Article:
The present invention overcomes the shortcomings relating to conventional transistor layout techniques by including a conductive tap region surrounding the drain region. The conductive tap region reduces the parasitic series resistance coupled between the drain region and a supply voltage. By providing the conductive tap region to the source region of the transistor layout, the parasitic series resistance between the supply voltage and the drain region is minimized. Moreover, the conductive tap region in this embodiment may also be optionally masked to tune the parasitic resistance and provide a desired frequency response.
While this invention has been particularly shown and described to the preferred embodiment thereof, various changes in form and detail may be made without departing from the spirit and scope of this invention. On the contrary, it is intended that various modifications within the spirit and scope of the appended claims are covered. For example, any metal interconnect structure which is coupled to an I/O bond pad has an associated capacitance to the substrate and therefore poses a parasitic resistance component. By placing a conductive tap region coupled to a supply voltage proximal to this metal interconnect structure, the parasitic resistance component is reduced.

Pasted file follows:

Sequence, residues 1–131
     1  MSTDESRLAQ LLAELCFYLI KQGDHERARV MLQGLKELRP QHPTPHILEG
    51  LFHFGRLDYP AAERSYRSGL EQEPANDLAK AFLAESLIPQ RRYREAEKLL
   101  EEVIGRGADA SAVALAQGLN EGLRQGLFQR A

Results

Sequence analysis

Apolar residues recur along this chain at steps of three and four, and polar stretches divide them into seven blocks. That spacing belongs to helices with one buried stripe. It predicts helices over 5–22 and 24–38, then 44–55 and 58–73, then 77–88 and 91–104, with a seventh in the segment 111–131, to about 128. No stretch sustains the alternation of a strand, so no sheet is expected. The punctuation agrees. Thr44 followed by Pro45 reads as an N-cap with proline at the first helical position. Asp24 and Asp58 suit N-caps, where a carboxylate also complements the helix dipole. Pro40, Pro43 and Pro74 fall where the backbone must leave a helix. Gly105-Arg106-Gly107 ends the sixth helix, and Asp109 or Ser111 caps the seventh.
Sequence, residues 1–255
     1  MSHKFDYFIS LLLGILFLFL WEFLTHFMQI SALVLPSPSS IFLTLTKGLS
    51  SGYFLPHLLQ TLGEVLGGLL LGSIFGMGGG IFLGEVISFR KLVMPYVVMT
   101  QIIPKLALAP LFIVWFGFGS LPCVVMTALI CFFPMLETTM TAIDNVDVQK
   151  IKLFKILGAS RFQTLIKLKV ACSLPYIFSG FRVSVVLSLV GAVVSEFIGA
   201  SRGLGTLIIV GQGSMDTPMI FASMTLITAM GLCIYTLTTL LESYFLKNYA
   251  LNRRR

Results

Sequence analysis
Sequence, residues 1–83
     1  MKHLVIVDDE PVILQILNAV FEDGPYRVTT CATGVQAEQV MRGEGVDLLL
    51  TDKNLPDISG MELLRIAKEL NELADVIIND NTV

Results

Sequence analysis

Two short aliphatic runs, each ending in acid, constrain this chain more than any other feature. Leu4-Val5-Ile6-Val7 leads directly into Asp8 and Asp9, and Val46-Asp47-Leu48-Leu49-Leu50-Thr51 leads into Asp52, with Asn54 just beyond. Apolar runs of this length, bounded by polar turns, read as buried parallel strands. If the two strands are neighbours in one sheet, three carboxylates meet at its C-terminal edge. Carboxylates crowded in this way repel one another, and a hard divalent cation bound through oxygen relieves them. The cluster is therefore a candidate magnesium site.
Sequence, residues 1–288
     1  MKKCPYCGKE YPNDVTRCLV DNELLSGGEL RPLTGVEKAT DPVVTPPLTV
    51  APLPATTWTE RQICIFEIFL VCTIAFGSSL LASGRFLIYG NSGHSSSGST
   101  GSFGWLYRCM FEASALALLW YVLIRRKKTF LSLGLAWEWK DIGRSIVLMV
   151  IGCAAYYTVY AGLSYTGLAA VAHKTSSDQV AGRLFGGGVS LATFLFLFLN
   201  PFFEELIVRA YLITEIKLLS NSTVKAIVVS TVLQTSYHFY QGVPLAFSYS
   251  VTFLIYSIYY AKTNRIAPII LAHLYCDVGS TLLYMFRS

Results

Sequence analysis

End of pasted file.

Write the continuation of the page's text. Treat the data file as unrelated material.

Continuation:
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|U.S. Classification||257/693, 257/784, 257/E23.02|
|Cooperative Classification||H01L2924/01033, H01L2924/14, H01L2924/30105, H01L2924/01005, H01L2924/3011, H01L2224/04042, H01L2924/01015, H01L2924/01079, H01L2924/01013, H01L24/02, H01L2924/01006|
|Jan 10, 2000||AS||Assignment|
Owner name: RAMBUS INC., CALIFORNIA
Free format text: ASSIGNMENT OF ASSIGNORS INTEREST;ASSIGNORS:SIDIROPOULOS, STEFANOS;LOUIS-CHARNDRAN, JOE-ANANA;REEL/FRAME:010488/0226
Effective date: 19991223
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Year of fee payment: 4